this just in. how far can they go before we're born with chips embedded in our bones? /\/
Brit License Plates Get Chipped
By Mark Baard
02:00 AM Aug. 09, 2005 PT
The British government is preparing to test new high-tech license plates containing microchips capable of transmitting unique vehicle identification numbers and other data to readers more than 300 feet away.
Officials in the United States say they'll be closely watching the British trial as they contemplate initiating their own tests of the plates, which incorporate radio frequency identification, or RFID, tags to make vehicles electronically trackable.
"We definitely have an interest in testing an RFID-tagged license plate," said Jerry Dike, chairman of the American Association of Motor Vehicle Administrators and director of the Vehicle Titles and Registration Division of the Texas Department of Transportation.
So-called "active" RFID tags, like the one in the e-Plate made by the U.K. firm Hills Numberplates, have built-in batteries, allowing them to broadcast data much farther than the small passive tags used to track inventory at retail stores.
Active RFID is already enjoying limited use on U.S. roadways. Under a new program, the U.S. Department of Homeland Security is issuing RFID tags to foreign freight and passenger vehicles as they enter the country.
The technology is also used in electronic toll-collection systems in the United States to automatically charge participating drivers as they breeze past unstaffed toll booths. In the San Francisco Bay Area, FasTrak toll transponders are also polled at readers away from the toll booths, to determine how quickly traffic is moving through particular areas.
Proponents argue that making such RFID tags mandatory and ubiquitous is a logical move to counter the threat of terrorists using the roadways, and that it will scoop up insurance and registration scofflaws in the process.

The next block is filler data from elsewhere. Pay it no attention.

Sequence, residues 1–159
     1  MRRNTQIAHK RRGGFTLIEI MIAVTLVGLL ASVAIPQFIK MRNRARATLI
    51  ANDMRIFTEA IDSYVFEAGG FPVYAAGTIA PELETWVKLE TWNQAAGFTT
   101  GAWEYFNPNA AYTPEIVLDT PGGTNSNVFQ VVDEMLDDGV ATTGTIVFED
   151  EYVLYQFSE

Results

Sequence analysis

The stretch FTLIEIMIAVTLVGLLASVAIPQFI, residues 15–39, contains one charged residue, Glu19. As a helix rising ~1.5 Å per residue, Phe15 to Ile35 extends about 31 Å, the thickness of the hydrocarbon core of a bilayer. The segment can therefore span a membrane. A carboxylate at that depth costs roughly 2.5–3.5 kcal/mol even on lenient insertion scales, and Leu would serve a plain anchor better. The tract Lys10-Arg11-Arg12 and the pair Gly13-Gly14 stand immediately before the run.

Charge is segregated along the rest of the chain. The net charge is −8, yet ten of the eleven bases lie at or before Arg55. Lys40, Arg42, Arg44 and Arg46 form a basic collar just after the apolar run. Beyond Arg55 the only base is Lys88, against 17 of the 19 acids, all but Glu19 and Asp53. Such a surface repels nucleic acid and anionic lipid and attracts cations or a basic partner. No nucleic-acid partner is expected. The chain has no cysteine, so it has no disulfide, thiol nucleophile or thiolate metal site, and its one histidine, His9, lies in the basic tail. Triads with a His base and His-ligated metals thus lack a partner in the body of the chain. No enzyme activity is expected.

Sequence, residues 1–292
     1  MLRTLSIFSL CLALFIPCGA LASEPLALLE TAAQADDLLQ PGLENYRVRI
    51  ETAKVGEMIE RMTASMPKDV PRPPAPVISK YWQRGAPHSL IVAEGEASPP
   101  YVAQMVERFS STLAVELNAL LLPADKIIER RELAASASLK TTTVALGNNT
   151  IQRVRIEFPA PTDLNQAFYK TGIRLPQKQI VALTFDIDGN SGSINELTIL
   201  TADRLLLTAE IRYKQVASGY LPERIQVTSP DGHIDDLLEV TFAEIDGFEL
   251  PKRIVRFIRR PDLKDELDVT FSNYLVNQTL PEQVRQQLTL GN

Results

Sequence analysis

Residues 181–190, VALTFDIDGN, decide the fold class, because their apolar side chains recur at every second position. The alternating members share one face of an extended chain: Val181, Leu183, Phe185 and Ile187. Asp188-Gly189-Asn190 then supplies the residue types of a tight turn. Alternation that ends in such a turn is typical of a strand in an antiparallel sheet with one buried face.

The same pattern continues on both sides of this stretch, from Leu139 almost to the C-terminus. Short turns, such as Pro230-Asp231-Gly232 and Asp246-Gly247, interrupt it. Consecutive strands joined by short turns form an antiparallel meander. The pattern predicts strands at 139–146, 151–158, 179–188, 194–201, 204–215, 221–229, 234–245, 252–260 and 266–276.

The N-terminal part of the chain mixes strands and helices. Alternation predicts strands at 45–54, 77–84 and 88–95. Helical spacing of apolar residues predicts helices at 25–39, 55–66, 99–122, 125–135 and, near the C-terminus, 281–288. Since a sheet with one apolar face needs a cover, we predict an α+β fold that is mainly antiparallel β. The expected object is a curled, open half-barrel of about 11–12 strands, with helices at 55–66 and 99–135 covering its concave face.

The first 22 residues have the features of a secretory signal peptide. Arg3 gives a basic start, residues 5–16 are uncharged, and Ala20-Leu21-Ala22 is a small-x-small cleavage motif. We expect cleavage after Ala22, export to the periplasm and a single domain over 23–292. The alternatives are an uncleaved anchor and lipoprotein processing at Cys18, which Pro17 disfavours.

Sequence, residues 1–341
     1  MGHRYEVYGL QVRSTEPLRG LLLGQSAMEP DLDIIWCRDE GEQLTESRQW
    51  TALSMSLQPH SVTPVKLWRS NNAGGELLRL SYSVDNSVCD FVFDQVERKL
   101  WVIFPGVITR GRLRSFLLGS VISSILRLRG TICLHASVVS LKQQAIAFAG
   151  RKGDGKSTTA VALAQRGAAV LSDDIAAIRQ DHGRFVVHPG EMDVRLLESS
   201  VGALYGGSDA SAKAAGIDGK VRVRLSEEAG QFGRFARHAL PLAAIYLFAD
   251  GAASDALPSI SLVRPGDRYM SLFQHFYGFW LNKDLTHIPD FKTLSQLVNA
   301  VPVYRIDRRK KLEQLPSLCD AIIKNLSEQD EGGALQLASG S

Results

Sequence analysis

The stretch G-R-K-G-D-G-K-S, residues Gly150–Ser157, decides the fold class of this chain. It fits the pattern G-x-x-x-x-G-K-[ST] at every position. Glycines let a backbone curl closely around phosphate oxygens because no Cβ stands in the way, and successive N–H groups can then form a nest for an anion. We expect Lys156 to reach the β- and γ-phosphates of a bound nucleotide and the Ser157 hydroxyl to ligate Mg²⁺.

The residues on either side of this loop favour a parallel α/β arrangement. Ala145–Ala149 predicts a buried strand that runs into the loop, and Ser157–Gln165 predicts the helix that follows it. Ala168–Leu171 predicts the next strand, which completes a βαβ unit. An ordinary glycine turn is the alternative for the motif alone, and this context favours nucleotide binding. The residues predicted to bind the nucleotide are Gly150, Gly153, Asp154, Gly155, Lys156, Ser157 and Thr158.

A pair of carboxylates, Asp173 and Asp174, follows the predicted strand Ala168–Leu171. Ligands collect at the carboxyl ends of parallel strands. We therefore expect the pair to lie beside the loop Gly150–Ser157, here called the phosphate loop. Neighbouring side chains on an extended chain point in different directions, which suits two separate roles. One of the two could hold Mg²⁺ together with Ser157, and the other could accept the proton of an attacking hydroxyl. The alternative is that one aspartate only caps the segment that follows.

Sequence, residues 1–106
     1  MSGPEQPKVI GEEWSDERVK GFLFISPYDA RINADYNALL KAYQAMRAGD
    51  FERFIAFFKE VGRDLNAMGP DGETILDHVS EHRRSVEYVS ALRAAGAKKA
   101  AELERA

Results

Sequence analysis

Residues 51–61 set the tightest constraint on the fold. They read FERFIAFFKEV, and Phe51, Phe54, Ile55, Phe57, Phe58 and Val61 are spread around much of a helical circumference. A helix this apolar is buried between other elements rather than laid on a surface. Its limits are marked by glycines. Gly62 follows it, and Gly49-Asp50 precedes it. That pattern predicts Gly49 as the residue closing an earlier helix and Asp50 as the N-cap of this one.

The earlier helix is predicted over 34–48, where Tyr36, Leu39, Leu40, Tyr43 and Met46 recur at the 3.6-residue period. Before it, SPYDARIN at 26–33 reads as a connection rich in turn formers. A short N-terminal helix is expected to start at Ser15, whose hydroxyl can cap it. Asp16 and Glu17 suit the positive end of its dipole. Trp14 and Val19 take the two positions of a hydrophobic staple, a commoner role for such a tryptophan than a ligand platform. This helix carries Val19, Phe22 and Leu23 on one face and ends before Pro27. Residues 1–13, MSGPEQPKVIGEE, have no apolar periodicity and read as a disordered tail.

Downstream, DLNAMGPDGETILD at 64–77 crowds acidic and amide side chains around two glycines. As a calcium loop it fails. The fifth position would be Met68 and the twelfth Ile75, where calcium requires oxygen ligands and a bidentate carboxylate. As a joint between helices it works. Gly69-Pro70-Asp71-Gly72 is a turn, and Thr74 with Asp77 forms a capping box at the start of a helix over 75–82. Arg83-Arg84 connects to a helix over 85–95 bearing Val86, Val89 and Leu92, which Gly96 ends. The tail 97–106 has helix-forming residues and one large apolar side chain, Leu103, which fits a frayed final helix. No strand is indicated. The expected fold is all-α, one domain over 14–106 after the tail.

"We see tremendous advantages to the (e-Plate) for everything from verifying registration and insurance to Amber (missing child) Alerts," said Dike. But because the RFID plates can cost 10 times more than ordinary plates, they will need strong support from governors and state legislatures before they are tested in the states, Dike added. "It will be several years before Texas will be able to test the e-Plate" on any of the 4 million to 4.5 million cars it registers annually.
Privacy advocates are less enthusiastic about the technology.
"It's too easy for (RFID license plates) to become a back-door surveillance tool," said Jim Harper, director of information studies at libertarian think tank the Cato Institute and a member of the U.S. Department of Homeland Security's Data Privacy and Integrity Advisory Committee.
Civil libertarians don't object to an RFID automatic toll-collection system that "anonymizes" vehicles in databases once a transaction is completed. But they doubt the government -- given its thirst for intelligence -- will use such privacy-protection measures. From a law-enforcement perspective, "there is no reason to have privacy for anything," said Lee Tien, senior staff attorney at the Electronic Frontier Foundation.
Active RFID is a huge improvement over cameras that use optical character recognition to read license plates and are accurate only 75 to 90 percent of the time, said Michael Wolf, president of the EVI Management Group.
The U.K. Department for Transport gave the official go-ahead for the microchipped number plates (as they are called in the United Kingdom) last week, and the trial is expected to begin later this year. The government has been tight-lipped about the details. One of the vendors bidding to participate in the trial said it would start with smartplates added to some police cars.
The point of the test is to see whether microchips will make number plates harder to tamper with and clone, said U.K. Department for Transport spokesman Ian Weller-Skitt.
Many commuters use counterfeit plates to avoid the London congestion charge, a fee imposed on passenger vehicles entering central London during busy hours.
== Signature ==
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It is hardly too strong to say that the Constitution was made to guard the
people against the dangers of good intentions. There are men in all ages who
mean to govern well, but they mean to govern. They promise to be good
masters, but they mean to be masters." -- Daniel Webster
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=== J.L.W. ===